I paused near a mountain-top stream to get my bearings. Frankly, I was lost. A velvet layer of bright green moss coated the smoky stone and ridges; the stream foamed white against each collection of pebbles; swift but peaceful. The rhythm had a calming effect as I checked out my map. I should be three miles from Grasmere, the home of Romantic poet William Wordsworth in the Lake District of Northern England but there wasn’t a soul in sight; I lost the trail two hours ago. As I laid beside the babbling waters for a snack break—I didn’t care. I pulled out my British literature anthology, remembering Wordsworth’s “beautous Stream.” Could this be the same spring Wordsworth praised upon—just miles from his old home?
“…didst thou, beauteous Stream,
Make ceaseless music through the night and day,
Which with its steady cadence tempering
Our human waywardness…”
I took a train from London to Windermere to spend a week hiking among the land of the Romantic poets. These Romantic poets, William and Dorothy Wordsworth, Samuel Coleridge, Beatrix Potter and more, started an outdoors revolution for 19th century England with each poem and story: Hills and packs over coaches and roads.
In 1799, Wordsworth and Coleridge spent three weeks hiking this same Lake District; I wanted to behold this same England they so reverently described and follow in their footsteps. With their poetry as my map, I started at Grasmere Butharlyp Howe hostel and trekked to the Elterwater Ambleside hostel where I spent most of my days sauntering through the lands where Wordsworth is said to have written most of his poetry.
As I trekked the green pastures, the poets allowed me to notice beauty I would’ve otherwise missed. The striking poetic observations and natural descriptions encouraged value in each flower and rock and I enjoyed the English Countryside through a perspective not my own—the admittedly more keen perspectives of the great Lake District poets.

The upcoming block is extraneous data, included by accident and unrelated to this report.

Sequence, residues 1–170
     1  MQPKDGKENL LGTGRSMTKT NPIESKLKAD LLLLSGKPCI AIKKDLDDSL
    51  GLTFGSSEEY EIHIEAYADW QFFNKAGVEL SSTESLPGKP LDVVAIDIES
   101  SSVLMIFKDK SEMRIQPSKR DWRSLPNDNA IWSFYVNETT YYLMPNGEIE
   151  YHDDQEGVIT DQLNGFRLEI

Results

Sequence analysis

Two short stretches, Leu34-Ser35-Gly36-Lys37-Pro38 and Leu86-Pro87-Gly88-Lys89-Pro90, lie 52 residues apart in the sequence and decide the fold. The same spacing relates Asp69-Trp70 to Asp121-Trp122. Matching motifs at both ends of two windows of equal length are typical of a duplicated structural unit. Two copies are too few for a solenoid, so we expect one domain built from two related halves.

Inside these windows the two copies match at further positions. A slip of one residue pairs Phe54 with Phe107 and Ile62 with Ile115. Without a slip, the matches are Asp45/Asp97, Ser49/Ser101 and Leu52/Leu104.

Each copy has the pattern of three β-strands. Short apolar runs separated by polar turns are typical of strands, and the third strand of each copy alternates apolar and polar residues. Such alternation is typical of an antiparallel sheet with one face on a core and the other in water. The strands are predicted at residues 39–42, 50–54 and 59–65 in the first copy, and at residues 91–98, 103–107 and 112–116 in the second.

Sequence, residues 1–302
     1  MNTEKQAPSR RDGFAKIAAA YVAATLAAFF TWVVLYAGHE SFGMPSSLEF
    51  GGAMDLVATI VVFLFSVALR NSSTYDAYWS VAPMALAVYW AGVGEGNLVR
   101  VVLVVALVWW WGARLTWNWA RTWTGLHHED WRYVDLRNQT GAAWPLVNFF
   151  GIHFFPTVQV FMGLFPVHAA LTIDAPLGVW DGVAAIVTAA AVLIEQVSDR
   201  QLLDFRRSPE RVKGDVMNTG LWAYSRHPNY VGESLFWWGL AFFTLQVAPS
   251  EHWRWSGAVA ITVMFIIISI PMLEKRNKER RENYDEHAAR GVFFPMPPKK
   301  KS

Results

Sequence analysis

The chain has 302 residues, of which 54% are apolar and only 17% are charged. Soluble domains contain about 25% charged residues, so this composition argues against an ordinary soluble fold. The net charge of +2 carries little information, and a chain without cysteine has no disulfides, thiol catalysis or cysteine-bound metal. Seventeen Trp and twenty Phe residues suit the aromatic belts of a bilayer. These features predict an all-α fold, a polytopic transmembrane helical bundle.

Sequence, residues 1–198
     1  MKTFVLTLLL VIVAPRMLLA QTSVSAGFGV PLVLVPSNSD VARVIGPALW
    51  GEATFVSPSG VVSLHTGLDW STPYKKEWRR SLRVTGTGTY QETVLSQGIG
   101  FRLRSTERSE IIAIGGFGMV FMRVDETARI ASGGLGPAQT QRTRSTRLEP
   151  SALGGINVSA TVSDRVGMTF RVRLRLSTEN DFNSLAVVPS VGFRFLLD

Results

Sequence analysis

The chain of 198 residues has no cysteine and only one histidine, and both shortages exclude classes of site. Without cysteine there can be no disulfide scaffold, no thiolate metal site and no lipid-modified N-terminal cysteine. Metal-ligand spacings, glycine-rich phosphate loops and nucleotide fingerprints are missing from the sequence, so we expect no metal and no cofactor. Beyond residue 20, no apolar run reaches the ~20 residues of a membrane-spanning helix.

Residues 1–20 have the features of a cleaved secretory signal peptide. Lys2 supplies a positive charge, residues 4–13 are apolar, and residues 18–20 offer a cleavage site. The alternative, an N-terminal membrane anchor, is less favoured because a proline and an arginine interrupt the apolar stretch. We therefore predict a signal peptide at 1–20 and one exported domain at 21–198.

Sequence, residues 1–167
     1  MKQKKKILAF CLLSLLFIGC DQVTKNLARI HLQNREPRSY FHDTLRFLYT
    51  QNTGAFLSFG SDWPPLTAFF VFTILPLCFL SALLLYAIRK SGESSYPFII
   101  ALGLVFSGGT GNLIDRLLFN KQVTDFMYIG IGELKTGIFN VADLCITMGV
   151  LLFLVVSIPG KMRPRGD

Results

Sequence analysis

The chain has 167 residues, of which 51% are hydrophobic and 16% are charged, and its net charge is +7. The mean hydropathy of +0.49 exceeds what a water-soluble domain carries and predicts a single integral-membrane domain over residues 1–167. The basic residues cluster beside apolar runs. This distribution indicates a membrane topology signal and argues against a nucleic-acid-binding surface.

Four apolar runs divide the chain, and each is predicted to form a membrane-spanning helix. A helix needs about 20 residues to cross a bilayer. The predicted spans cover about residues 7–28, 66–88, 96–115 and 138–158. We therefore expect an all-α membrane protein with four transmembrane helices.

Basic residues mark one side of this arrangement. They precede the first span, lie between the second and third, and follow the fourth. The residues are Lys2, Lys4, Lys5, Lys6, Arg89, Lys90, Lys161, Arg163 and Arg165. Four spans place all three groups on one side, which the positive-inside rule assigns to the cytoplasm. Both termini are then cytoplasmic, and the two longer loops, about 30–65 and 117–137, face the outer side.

As Mitchell teaches in Walking to Walden, “Nothing plays out in an empty room, stories create landscape—or vice versa: the land begets the story. Mecca was a holy spring a thousand years before Mohammad got there…Geography engenders mythology.”
Nature became my teacher and, as Wordsworth explained, “by the gentle agency of natural objects, led me on to feel for passions that were not my own, and think at random, and imperfectly indeed on man, the heart of man, and human life.” I learned a deep gratitude for life in each stream, blossom, and peak—including a treacherous scramble to the highest point in England, Scafell Pike.
I turned through the pages of my anthology as the hills and streams came alive before me.“The world is too much with us,” reads Wordsworth. “Late and soon, getting and spending, we lay waste our powers.”And, “Ill suits the road with one in haste; but we, Played with our time; and, as we strolled along, It was our occupation to observe.”
These romantic poets transformed the landscapes with their keen observation and revelations. I’d seen more beautiful geography than the humble Lake District hills but borrowing the eyes of Wordsworth radically altered my perspective. What was once a cluster of trees and lakes becomes a:
“…sweep of endless woods, Blue pomp of lakes, high cliffs, and falling floods, Not undelightful are the simplest charms, Found by the grassy door of mountain-farms.”
And even the unmistakable beauty of a sunrise becomes sublime:
“Just where a cloud above the mountain rears, An edge all flame, the broadening sun appears, A long blue bar its aegis orb divides, And breaks the spreading of its golden tides.”
Beyond mere aesthetics, the lines of Wordsworth evoked severe self-evaluation and a longing to mature in selflessness:
“The happy idleness of that sweet morn, With all its lovely images, was changed, To serious musing and to self-reproach. Nor did we fail to see within ourselves, What need there is to be reserved in speech, And temper all our thoughts with charity.”
Sure, I could’ve experienced this recorded wisdom from my unaffected couch but I’ll never forget the hours, days and weeks passed with these artists in the worlds of their awakenings.
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